Water use climbs again

Dam levels are at 42,5 %

Cape Town’s water usage nears 100 million litres over daily targets and the City is greatly concerned. 

The City is working via Council processes to implement more stringent Level 3 water restrictions. 

Despite the warning last week that water consumption was rising, the latest statistics on water consumption throughout Cape Town show another worrying spike. Collective consumption for the week ending 15 January 2017 is up to 890 million litres per day. This is up from 859 million litres per day the previous week, and is 90 million litres per day above targeted levels.

According to the City of Cape Town’s latest information, the dam levels are at 42,5 %.

The City is currently following due process to tighten and strengthen the existing Level 3 water restrictions.

This would be subject to Council approval. As an example, more stringent conditions on the use of potable water for watering gardens could be implemented. The City is also in the process of identifying properties with excessive water use. The City will target these customers for inspections and water usage enforcement.

‘If current consumption continues, the City expects that dam levels could be at a level of approximately 20% by the start of winter. This leaves a very low margin of safety as it is difficult to extract the last 10% of a dam’s volume. We do not expect to run out of water before the next rainy season but constant water usage above the target of 800 million litres per day of collective use, as has been the case, is not sustainable. We have the ability now to turn this situation around. And we will only be able to do this if water use is reduced and members of the public help us to do so.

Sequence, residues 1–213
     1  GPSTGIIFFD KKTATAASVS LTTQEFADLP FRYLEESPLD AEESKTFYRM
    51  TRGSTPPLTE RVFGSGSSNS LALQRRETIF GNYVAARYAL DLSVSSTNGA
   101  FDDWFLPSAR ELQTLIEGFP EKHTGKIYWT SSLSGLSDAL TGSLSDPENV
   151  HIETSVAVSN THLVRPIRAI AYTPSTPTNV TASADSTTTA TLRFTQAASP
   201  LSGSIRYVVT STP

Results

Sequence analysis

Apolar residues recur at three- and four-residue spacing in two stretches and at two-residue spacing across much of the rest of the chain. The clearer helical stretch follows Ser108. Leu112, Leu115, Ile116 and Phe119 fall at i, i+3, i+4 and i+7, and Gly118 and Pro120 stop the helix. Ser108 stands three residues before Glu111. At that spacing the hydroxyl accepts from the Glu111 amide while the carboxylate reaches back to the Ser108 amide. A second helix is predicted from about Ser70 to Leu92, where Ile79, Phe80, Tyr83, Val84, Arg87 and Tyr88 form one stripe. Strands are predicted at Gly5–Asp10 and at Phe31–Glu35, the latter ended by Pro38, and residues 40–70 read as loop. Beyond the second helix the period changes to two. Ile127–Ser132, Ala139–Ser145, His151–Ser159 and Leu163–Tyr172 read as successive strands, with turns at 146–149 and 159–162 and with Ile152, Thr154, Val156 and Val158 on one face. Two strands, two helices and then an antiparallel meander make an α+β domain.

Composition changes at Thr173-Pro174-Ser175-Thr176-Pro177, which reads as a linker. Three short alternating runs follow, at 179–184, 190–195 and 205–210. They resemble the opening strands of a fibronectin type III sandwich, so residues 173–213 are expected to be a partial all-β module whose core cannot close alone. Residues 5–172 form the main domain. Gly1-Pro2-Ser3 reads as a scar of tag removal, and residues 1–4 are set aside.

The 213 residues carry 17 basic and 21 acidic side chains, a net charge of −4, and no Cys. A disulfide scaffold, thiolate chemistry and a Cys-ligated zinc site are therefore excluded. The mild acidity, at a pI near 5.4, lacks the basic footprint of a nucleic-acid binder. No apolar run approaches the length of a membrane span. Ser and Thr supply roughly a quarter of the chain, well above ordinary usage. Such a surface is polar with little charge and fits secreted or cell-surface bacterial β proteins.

‘Worryingly, there has been a lot of speculation lately seeking to attribute the missed targets to the influx of tourists, the recent spate of fires, or poor water habits in informal settlements.

Such speculation is dangerous in that many people could relax their savings efforts or use these kinds of excuses to dodge the responsibility they have to reduce their water usage. Any finger-pointing or buck-passing on this issue will not help us reach our target,’ said the City’s Mayoral Committee Member for Informal Settlements, Water and Waste Services, Councillor Xanthea Limberg.

While vigilance in terms of possible wastage needs to be encouraged, we must remember that formal residential consumers are by far biggest users of potable water in the municipality, consuming approximately 70% of total water supplied – half of which is used for less essential purposes such as watering gardens, washing cars and filling pools.

‘Water supplied to informal settlements, for firefighting, and to tourists does not come close to this figure. Bearing this in mind, our water security going forward will largely rest on whether or not residential customers can do what’s necessary to save water,’ said Councillor Limberg.

It is also crucial that those who waste water are held accountable, and key to this is residents reporting contraventions. Residents should report water wastage via email to water.restrictions@capetown.gov.za.

The City undertakes regular blitz operations and does proactive monitoring, however such is the scale of the task that unless residents play their part and assist with raising awareness, reporting contraventions and providing evidence of alleged contraventions, it will be limited in its efficacy.